Local News

Sen. Edwards Meets With Families, Soldiers At Fort Bragg

Posted March 24, 2003 3:49 a.m. EST

— U.S. Sen. John Edwards, whose pro-war stance earned him a loud round of boos last week in California, pledged support to military families at a meeting Monday with Fort Bragg troops and relatives.

Standing at the entrance to Fort Bragg afterward, the Democratic presidential candidate said he also thanked the soldiers' families for their sacrifice.

"They are understandably proud that their family members are fighting for America," Edwards said.

Natasha Trahan, whose husband is an Army specialist deployed to Korea, said Edwards' words sounded familiar and vague.

"You hear a lot of that from almost any politician," said Trahan, holding her 1-year-old daughter, Trinity. "But what exactly is he going to do to get more support, to help us?"

Day care is a major headache for parents left behind when their spouses deploy, she said. Her husband, Jeremy, used to care for Trinity while she worked at night as a waitress. Now, she said, she relies on other mothers, but many of those are leaving Bragg as their husbands are sent overseas.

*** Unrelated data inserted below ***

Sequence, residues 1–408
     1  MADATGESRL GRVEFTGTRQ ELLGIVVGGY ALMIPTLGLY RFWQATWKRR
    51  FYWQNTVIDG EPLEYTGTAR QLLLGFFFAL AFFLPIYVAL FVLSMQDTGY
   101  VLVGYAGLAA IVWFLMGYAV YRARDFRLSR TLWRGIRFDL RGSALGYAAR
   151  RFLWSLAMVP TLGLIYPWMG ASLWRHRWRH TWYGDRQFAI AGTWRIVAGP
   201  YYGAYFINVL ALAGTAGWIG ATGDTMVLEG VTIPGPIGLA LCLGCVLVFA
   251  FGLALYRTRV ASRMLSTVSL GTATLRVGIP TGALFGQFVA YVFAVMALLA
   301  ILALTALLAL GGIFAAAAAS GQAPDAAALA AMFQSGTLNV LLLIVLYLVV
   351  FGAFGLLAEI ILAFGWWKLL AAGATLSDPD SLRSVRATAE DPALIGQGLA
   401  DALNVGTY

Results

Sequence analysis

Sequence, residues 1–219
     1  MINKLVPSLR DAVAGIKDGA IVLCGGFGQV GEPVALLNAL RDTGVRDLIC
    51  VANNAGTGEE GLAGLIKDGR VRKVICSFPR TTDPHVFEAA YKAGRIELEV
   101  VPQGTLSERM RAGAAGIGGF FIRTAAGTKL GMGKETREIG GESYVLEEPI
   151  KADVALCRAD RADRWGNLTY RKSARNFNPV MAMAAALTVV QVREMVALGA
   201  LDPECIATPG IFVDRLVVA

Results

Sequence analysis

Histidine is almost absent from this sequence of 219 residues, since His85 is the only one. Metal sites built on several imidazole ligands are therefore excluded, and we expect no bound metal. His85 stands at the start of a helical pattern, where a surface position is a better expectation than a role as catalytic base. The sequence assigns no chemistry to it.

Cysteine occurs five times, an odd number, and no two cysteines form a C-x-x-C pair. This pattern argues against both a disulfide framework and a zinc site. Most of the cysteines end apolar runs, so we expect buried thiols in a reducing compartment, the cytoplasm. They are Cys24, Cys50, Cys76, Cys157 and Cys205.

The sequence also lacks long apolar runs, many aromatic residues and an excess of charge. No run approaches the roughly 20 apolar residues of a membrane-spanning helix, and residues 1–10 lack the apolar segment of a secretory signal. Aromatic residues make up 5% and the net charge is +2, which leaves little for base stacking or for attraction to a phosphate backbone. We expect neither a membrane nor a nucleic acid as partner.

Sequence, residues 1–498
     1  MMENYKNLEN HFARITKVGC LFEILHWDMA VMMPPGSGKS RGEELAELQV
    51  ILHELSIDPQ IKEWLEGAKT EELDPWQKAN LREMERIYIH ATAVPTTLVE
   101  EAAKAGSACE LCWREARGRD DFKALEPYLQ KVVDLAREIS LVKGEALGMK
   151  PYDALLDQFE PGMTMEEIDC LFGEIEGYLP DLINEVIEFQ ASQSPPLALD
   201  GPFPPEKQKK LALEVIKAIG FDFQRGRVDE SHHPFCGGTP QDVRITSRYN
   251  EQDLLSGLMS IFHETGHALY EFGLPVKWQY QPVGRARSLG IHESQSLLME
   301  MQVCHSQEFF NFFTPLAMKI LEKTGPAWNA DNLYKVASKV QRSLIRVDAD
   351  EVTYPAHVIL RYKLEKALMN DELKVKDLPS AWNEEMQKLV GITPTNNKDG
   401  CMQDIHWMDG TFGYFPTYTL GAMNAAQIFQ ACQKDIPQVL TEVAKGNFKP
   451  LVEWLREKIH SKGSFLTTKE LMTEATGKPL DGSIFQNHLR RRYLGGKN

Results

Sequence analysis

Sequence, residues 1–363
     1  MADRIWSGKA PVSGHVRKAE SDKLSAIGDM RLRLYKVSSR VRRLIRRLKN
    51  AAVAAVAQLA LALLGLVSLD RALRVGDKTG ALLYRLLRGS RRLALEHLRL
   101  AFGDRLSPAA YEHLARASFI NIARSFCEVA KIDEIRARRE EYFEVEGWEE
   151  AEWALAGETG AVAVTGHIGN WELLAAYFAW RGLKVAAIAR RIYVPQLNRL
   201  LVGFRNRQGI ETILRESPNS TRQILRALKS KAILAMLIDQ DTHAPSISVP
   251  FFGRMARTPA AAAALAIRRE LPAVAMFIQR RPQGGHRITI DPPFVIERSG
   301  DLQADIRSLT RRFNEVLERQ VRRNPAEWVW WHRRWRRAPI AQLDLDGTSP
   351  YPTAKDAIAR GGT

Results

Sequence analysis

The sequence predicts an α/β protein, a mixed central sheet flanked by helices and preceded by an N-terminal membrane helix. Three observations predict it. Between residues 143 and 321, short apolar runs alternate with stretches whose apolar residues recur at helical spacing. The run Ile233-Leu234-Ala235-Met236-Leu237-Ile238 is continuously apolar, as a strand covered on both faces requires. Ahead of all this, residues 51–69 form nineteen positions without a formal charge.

She said she would like for Fort Bragg to have a day care that's open at night.

Edwards also responded to a question about the anti-war protesters who have dogged him.

At the annual Democratic Party convention in California - a state rich in both money and electoral votes - the party faithful jeered and booed Edwards and other pro-war presidential candidates and cheered for those who oppose the war with Iraq, such as former Vermont Gov. Howard Dean.

And on Sunday, about 150 to 200 people protested at the state Democratic Party headquarters where Edwards held a fund raiser. The crowd beat plastic buckets with sticks and yelled "No war" and "Bring Edwards out" during the demonstration, organized by the N.C Coalition for Peace and Justice.

Asked Monday what he thought of those protests, Edwards said the protesters should be treated with dignity and respect.

"This is America. I believe in freedom of speech," he said.